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Career Advice on How to Become A Water and Liquid Waste Treatment Plant and System Operator

General Career Information

Water has become much like air in much of the industrialized world.  We simply take it for granted as we turn on the sprinklers to keep a patch of useless, unnatural, chemically laden grass alive on a 104-degree day in a gated community.  In short, few of us think about water, but you certainly think about it if it’s gone.  It is no coincidence that most civilizations were founded and built up around water and supplies of fresh water.  

How we get water, often toxic and poisonous water, from our many polluted rivers, lakes and streams and into our homes is nothing short of a modern miracle.  While we don’t notice water, we certainly notice it when something goes wrong or the tap stops working.  It is the job of the liquid waste treatment plant and system operator to make sure that all the scary stuff is taken out of the water, or at least enough that it doesn’t kill us instantly.
 

Career Facts:

The liquid waste treatment plant and systems operator works to assure that the massive and complex water system moves and cleans the water necessary for civilization from point a to point b.  It may not be amazingly sexy, but it is amazing vital to civilization.  In this capacity, liquid waste treatment plant and systems operators work to make sure that enough disinfecting chemicals are added to water to ensure its safety.  Similarly they work to make sure that the sewer systems are also properly functioning, for just like water coming out of the tap, you generally don’t think about the sewer system until something goes wrong.  But if something does go wrong, you really think about it, and a lot!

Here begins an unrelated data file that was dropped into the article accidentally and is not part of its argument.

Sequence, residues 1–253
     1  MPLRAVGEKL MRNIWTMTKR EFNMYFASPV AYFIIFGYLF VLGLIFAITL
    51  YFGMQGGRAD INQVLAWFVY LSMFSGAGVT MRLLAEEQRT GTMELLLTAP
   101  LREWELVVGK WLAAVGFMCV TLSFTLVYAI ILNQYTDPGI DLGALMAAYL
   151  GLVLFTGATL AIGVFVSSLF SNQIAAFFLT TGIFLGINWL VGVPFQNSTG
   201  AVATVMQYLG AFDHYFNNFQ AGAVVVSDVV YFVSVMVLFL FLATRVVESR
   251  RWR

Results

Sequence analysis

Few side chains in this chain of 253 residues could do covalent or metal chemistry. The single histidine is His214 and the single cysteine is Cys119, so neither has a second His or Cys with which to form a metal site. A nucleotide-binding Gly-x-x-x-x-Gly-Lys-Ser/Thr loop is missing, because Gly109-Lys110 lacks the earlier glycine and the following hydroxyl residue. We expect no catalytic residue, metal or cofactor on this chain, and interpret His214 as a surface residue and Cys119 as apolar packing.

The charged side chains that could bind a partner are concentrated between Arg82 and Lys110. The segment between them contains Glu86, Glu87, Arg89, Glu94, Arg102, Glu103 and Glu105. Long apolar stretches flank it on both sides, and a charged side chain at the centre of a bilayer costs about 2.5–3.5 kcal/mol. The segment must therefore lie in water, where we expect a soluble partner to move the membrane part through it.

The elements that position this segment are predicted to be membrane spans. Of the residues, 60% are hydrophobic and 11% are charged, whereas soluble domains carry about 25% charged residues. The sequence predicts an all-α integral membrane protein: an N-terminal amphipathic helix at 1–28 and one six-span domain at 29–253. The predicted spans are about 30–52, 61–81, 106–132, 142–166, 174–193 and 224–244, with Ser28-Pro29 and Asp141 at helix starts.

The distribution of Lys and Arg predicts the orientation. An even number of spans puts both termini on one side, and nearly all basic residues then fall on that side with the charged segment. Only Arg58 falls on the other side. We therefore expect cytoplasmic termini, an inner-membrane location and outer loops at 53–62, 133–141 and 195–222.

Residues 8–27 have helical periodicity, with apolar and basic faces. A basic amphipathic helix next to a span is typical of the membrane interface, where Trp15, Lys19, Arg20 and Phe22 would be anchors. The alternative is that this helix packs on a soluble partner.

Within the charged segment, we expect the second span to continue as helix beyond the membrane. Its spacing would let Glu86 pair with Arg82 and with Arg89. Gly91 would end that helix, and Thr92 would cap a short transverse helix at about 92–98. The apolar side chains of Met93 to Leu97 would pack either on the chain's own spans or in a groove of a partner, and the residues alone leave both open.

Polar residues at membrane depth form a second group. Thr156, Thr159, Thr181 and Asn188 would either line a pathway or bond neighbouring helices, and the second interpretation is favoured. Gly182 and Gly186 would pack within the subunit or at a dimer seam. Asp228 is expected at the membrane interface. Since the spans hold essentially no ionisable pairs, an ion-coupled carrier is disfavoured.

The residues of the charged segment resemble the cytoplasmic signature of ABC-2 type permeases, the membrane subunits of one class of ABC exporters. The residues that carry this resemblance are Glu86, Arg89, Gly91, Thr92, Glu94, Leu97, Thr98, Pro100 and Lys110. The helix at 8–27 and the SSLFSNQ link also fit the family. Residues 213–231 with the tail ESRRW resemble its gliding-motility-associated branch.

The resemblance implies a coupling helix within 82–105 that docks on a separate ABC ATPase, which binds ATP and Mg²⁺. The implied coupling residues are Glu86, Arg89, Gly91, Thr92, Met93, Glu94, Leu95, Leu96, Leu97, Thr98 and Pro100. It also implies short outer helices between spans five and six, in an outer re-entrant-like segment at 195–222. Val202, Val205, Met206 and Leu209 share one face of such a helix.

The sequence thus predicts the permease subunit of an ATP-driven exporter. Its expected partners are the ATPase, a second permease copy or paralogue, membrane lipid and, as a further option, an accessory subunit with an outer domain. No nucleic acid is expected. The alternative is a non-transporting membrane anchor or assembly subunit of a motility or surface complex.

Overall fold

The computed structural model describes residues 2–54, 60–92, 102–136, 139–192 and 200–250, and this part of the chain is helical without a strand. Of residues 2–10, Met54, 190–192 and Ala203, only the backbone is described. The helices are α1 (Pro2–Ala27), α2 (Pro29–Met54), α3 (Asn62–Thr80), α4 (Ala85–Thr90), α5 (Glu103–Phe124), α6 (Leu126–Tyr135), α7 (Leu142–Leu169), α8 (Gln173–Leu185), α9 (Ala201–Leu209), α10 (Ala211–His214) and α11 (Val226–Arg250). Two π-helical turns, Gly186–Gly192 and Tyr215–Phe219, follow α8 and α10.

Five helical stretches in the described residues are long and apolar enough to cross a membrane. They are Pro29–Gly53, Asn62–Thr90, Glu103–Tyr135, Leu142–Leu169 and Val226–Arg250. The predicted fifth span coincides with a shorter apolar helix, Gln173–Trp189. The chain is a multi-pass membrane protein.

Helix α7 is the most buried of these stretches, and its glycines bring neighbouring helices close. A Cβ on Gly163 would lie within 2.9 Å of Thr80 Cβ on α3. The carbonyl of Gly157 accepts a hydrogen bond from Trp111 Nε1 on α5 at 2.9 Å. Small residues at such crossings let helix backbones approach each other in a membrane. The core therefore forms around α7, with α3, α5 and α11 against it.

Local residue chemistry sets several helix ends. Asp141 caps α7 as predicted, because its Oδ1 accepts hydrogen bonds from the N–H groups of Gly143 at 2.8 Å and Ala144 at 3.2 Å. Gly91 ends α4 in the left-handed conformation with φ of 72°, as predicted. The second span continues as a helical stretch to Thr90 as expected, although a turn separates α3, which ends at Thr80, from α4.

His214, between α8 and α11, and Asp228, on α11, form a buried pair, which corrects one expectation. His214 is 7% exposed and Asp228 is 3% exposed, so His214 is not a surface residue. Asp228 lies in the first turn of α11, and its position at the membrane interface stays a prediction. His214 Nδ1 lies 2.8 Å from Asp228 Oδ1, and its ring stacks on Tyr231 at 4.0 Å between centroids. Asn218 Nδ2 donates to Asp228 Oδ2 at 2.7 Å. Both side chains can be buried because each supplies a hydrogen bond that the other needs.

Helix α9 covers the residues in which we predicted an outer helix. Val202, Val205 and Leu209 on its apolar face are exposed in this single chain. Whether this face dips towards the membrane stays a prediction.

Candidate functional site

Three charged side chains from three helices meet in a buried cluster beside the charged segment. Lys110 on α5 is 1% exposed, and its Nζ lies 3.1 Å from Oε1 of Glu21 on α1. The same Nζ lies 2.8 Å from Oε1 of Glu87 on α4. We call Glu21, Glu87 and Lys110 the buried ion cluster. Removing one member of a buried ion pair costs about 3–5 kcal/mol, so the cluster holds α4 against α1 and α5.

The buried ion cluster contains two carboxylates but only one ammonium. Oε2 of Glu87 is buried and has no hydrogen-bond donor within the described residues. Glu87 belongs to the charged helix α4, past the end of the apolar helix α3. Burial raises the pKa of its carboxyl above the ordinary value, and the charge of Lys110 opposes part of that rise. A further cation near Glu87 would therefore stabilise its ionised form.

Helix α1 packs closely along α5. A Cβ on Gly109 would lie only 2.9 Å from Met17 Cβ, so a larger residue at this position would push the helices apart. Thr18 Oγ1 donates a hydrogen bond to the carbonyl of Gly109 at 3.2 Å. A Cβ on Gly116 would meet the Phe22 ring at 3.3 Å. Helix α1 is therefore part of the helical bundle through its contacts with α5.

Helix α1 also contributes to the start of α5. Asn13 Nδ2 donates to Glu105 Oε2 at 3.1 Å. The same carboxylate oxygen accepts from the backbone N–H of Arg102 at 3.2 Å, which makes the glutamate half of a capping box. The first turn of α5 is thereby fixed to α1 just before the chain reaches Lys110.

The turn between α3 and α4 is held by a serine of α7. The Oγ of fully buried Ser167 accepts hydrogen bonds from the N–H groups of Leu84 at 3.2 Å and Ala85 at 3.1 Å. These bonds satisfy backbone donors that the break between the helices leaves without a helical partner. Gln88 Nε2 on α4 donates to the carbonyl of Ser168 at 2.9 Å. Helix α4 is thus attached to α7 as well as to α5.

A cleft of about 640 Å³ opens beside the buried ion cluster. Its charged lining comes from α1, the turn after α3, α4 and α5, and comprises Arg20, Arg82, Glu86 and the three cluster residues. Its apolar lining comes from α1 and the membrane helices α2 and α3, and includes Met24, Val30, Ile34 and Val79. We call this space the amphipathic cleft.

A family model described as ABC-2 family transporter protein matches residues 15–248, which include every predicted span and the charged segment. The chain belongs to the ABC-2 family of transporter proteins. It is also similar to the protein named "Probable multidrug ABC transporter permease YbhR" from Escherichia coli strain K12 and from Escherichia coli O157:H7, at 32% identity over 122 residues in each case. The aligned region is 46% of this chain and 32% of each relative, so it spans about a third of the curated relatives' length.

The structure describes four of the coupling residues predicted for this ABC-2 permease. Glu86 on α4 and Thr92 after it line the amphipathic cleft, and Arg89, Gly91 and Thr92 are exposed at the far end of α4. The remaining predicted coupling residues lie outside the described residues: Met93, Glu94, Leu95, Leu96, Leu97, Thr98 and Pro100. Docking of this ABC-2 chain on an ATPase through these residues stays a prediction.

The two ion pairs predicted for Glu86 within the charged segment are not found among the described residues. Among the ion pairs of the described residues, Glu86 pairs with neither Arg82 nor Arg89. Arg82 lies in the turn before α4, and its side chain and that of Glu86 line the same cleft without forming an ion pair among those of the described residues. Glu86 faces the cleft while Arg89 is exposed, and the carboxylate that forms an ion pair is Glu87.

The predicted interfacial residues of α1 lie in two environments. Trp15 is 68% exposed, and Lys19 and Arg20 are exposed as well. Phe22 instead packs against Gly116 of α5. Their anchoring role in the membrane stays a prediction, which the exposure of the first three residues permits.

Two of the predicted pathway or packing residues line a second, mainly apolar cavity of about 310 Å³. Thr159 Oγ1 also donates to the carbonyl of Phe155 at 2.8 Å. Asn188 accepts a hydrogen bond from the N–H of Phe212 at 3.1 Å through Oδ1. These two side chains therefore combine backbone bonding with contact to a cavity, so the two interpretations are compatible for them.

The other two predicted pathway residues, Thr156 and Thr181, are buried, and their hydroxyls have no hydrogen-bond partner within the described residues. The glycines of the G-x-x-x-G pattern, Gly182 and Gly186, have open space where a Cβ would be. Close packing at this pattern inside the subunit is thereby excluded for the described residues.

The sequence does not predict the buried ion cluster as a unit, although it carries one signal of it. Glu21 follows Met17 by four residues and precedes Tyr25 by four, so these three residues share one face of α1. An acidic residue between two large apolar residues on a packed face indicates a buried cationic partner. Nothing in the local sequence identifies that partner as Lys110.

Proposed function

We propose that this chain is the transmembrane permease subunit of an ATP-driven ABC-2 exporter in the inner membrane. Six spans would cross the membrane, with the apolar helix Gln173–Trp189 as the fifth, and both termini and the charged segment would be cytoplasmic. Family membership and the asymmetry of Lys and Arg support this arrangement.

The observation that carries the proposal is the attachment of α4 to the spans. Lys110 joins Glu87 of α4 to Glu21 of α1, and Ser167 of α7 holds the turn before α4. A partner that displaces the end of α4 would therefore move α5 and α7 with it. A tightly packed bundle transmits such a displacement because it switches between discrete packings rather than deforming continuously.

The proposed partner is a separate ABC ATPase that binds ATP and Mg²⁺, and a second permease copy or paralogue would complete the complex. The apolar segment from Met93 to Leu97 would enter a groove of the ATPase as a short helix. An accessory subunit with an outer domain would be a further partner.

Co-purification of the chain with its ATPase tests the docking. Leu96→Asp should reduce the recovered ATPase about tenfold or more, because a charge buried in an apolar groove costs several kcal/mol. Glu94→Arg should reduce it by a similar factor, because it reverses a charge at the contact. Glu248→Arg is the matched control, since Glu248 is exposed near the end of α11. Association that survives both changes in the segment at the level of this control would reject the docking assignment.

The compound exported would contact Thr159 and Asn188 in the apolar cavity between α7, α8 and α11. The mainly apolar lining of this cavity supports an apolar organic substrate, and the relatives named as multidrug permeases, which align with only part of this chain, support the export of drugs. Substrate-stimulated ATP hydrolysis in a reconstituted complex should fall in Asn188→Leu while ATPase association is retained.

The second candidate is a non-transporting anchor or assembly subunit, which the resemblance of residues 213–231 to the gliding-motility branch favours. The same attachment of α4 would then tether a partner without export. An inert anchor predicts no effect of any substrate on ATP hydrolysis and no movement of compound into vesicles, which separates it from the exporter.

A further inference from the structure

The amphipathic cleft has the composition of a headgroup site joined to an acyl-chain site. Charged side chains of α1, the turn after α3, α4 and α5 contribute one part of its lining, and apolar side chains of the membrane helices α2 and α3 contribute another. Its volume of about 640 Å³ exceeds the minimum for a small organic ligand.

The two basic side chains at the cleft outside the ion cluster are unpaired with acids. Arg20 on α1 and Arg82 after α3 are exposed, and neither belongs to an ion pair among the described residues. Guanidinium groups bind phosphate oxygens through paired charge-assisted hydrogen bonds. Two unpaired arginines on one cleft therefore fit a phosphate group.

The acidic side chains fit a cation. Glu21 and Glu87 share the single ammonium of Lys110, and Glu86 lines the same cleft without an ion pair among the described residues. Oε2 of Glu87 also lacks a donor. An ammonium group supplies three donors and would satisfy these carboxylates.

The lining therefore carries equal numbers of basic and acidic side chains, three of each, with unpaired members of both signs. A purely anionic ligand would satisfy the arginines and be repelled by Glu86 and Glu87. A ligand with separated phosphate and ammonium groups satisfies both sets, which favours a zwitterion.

Career Opportunities and Job Outlook- Excellent:

More people means more demand for water and more sewage.  Consequently, the liquid waste treatment plant and systems operator can expect to see a robust twenty percent increase in job growth floating in his or her direction between 2008 and 2018.  Expanding communities and efforts to repair semi-ancient water and sewer systems will help fuel this growth.
 
Job Outlook is Excellent
 

A Day in The Life:

So should you add this job to your career planning agenda?  What does a typical day look like?  Working in the water and sewer system may not be at the top of everyone’s list, but the work is valuable in nature and no doubt contributes to civilization in a significant fashion.  The liquid waste treatment plant and systems operator will often spend a good time outdoors performing physically demanding jobs.  Often the work can be unsafe as workers are exposed to all sorts of waste materials.  Thus the work can be tough and dirty.
 

Average Salary:

The average salary of a liquid waste treatment plant and systems operator is about $38,000 per year, with the top ten percent earning about $60,000.

$38k - $60k

 

Career Training and Qualifications:

A high-school diploma is usually required, and many liquid waste treatment plant and systems operators have associate degrees related to water technology.  States also require certification.
 
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